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Submitting forms

When a user clicks the Submit button, the form is submitted to the server as a standard HTTP request.

There are two form submission methods, which can be selected using an attribute of the <form> tag. One, called GET, causes the form data to be appended to the URL request. The other, POST, includes the form data elsewhere in the HTTP request and has a fixed URL.

Submission is standard HTTP request

When you submit a form, the browser sends an HTTP request to the Web server that includes your form data. This is a standard HTTP request; there is no fundamental difference between this request and a request for a normal URL.

The base URL for the Web server to which the form should be submitted is given in the <form> tag.

GET request

One way to submit forms is called a GET request. The GET request is the same type of request that's used normally to request a URL from the server. When submitting a form this way, the form data is converted appropriately and then included on the end of the URL.

For example, if the form URL was http://www.google.com/, and the form contained a single text field which had been given the name 'search', then after the user typed in 'apple pie' and clicked submit, the URL http://www.google.com/?search=apple+pie would be requested. (Spaces are converted to + because spaces are not permitted in URLs.)

POST request

The other submission method is POST. This works slightly differently; the browser contacts a fixed URL, which is not changed to handle different form data. However, the POST request includes the form data separately.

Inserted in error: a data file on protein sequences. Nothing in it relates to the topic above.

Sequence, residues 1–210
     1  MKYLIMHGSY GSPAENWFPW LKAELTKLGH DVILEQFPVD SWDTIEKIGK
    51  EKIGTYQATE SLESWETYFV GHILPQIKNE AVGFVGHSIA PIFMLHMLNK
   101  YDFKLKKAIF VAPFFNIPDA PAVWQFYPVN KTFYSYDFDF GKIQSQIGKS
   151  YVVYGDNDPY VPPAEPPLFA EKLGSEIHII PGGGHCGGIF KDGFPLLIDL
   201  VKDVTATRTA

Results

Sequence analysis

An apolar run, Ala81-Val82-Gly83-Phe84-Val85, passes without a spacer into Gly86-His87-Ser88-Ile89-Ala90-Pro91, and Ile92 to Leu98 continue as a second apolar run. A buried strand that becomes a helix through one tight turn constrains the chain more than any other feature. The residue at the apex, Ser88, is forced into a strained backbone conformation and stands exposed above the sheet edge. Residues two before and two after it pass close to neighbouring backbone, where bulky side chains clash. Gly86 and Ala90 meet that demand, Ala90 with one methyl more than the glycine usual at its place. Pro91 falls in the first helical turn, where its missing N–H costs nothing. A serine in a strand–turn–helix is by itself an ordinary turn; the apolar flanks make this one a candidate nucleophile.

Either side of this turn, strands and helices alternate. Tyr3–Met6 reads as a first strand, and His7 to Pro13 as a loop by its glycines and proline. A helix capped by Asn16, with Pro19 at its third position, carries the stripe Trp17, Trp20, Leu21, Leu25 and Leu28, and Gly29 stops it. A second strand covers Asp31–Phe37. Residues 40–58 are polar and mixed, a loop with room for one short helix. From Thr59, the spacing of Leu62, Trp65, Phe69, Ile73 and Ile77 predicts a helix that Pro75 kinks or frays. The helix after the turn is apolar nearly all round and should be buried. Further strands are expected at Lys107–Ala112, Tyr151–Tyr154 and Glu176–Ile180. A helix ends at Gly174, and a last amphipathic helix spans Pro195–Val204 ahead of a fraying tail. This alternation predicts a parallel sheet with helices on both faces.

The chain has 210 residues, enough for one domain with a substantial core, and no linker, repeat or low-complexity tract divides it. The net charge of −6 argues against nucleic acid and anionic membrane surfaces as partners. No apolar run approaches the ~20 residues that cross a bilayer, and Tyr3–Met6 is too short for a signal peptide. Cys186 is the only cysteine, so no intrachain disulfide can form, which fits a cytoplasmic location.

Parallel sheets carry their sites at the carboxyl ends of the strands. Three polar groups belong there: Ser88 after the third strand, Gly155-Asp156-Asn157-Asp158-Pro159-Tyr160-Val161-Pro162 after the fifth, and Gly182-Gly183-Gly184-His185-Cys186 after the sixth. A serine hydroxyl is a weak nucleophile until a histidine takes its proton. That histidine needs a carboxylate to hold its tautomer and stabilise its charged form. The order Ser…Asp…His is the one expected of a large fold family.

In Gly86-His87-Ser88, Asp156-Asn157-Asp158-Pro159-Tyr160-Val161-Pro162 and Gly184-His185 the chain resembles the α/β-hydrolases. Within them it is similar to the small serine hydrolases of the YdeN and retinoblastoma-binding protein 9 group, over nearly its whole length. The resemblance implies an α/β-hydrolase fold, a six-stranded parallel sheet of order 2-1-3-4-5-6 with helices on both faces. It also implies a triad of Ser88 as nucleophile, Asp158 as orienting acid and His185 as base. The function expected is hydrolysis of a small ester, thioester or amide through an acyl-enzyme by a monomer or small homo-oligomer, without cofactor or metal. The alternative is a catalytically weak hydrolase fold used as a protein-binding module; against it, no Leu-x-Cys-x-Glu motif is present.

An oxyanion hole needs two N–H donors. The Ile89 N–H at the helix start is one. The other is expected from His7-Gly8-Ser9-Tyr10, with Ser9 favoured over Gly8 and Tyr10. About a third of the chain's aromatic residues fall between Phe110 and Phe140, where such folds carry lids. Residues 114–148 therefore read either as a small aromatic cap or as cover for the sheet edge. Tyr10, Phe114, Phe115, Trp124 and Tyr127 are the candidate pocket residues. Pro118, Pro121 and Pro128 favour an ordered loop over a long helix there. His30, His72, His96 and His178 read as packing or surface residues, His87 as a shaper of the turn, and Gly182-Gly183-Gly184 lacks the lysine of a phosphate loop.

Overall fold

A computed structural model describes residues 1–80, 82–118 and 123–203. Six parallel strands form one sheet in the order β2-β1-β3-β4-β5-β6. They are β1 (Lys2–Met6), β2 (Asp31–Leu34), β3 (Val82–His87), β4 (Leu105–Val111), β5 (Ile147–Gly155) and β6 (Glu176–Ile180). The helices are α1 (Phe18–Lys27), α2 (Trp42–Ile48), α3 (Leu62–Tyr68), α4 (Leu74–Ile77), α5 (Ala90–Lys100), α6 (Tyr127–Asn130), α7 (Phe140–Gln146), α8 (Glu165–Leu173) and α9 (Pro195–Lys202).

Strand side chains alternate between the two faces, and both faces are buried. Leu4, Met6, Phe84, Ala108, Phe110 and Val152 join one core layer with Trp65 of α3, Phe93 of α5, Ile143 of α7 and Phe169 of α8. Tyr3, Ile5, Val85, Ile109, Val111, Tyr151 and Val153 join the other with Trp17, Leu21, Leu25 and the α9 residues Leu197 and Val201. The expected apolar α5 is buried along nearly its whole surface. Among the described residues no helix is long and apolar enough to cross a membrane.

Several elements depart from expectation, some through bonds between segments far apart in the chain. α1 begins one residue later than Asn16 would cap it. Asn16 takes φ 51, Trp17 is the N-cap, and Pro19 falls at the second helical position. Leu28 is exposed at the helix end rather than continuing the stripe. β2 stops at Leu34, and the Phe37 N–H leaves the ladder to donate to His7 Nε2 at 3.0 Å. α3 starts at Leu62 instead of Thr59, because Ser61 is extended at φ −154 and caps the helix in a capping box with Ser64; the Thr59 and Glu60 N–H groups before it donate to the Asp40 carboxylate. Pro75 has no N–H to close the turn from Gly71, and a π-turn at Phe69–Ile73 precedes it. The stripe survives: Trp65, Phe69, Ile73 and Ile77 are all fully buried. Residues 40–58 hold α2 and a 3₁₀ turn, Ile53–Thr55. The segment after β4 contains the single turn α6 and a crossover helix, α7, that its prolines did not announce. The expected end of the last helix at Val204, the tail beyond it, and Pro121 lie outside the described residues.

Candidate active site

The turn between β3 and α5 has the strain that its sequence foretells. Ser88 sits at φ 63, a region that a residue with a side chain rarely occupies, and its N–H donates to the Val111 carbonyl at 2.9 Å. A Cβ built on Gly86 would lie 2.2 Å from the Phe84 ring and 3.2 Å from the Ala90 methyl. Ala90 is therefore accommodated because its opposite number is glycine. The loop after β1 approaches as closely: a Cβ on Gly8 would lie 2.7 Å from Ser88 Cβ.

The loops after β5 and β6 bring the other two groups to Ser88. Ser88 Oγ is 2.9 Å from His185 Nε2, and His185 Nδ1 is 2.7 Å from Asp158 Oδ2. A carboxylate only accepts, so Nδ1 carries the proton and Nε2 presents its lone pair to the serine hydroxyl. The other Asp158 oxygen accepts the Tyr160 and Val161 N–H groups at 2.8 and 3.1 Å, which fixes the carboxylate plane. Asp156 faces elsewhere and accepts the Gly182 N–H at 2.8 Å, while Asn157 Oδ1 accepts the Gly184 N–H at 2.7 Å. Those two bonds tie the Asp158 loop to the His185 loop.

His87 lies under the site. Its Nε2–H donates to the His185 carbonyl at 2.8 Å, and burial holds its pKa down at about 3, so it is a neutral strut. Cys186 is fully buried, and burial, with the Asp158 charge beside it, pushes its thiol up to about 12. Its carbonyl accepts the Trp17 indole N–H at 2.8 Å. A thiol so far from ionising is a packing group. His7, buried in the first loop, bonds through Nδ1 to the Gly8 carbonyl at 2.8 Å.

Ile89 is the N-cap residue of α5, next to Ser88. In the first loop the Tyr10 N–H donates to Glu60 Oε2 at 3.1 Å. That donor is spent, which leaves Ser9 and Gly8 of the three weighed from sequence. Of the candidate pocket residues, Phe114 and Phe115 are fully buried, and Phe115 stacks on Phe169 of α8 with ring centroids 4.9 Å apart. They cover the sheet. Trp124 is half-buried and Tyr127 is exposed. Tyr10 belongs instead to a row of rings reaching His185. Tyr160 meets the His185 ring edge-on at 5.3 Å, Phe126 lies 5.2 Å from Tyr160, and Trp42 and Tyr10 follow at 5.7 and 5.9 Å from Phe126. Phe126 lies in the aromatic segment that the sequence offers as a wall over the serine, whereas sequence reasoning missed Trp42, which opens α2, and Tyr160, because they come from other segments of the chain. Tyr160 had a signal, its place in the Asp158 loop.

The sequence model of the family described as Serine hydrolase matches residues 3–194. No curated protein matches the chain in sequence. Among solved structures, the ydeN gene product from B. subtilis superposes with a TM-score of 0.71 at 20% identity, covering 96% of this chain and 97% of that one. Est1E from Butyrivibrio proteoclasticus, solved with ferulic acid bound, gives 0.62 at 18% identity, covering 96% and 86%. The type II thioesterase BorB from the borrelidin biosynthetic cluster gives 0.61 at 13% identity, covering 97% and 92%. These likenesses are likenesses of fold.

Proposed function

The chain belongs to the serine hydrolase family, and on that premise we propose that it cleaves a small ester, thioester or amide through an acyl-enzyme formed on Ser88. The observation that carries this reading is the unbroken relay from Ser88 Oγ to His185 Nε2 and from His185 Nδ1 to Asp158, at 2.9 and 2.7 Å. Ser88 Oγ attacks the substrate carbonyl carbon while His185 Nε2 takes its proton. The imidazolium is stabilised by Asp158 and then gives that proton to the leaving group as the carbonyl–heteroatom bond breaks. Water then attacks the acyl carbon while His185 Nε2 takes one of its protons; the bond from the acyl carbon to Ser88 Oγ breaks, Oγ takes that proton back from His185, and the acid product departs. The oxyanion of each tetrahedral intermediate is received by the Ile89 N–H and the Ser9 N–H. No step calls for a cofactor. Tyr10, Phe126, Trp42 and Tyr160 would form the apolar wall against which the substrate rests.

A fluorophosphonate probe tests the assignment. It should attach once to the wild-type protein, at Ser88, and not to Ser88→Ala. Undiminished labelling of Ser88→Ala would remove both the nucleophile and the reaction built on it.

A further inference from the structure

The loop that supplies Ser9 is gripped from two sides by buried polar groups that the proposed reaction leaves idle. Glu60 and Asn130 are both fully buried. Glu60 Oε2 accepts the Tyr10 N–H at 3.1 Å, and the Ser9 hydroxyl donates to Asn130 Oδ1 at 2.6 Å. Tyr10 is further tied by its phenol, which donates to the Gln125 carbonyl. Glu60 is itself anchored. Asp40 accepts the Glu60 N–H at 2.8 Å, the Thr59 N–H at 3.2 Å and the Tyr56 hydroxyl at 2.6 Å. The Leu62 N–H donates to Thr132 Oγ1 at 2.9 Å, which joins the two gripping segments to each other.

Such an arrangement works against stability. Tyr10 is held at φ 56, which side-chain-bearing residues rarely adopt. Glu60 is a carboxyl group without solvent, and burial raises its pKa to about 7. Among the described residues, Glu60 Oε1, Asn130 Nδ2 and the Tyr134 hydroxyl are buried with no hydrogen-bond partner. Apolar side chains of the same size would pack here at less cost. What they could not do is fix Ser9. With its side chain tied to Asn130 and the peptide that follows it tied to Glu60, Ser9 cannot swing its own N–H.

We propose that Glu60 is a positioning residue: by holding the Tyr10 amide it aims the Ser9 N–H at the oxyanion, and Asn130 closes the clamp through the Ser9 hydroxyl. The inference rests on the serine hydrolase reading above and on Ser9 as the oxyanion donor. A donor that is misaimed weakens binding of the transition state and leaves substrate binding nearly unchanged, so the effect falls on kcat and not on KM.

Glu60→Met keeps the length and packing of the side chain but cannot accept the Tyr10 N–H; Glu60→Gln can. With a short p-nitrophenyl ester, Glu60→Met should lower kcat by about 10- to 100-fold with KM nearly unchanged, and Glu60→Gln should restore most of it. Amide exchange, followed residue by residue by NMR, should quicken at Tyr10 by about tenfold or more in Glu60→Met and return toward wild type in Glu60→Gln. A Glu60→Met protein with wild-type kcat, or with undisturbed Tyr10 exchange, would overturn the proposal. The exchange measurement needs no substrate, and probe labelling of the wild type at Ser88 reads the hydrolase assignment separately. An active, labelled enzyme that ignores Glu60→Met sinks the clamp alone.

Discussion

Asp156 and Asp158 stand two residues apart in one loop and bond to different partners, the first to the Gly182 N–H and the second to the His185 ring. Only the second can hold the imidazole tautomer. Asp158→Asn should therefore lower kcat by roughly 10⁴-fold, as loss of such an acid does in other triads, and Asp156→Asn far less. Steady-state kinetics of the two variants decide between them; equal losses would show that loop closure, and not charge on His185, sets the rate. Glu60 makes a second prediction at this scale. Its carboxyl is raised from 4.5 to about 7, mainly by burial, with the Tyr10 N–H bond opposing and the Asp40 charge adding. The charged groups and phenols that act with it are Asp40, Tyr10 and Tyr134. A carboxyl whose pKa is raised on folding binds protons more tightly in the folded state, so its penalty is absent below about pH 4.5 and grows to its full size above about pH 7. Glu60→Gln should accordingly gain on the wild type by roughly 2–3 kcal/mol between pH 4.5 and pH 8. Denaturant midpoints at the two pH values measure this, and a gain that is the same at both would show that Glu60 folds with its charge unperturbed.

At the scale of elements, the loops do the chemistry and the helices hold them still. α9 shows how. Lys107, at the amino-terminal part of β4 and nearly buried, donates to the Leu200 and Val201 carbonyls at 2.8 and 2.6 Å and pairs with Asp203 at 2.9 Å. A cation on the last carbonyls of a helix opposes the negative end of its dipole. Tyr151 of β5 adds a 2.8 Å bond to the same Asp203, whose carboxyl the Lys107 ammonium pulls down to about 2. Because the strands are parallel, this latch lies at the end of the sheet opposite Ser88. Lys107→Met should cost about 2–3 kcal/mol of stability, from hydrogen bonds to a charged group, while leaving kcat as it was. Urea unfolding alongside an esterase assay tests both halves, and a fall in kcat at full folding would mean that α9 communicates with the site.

If the example form above used the POST method, then the plain URL http://www.google.com/ would be requested, but additional information would be sent to the server along with the request, including the 'apple pie' search term.

Choosing GET or POST

It can be difficult to decide which method is best for a particular form, but there are some specific rules.

The most important restriction is that forms sent using GET should not cause any significant action to be carried out. For example, a final order form at an online store should not use the GET method to place orders - but it would be acceptable to use a form with GET to retrieve customer information or to search the product database.

A general guideline is that if submitting the form data twice would be a problem - it might generate two orders, bomb two small developing nations, etc. - then the form must use POST instead of GET. This is required by the specification, and is important because Web browsers will never send POST data twice without querying the user, whereas they will send GET data again (thus ordering a second book or destroying a second country) if the user clicks their Back button.

Another advantage of POST is that it can cope with data of arbitrary length. GET, on the other hand, is restricted to relatively short data because URLs are limited in length. For example, GET could not be used for an email form (even if the above restriction did not apply, which it does) because the user might type a long email that won't fit in a URL.

GET, however, is useful when it is an option (for queries which don't cause any significant effect and which contain only a small amount of data) because GET queries are only standard URLs and can therefore be bookmarked, linked to, etc.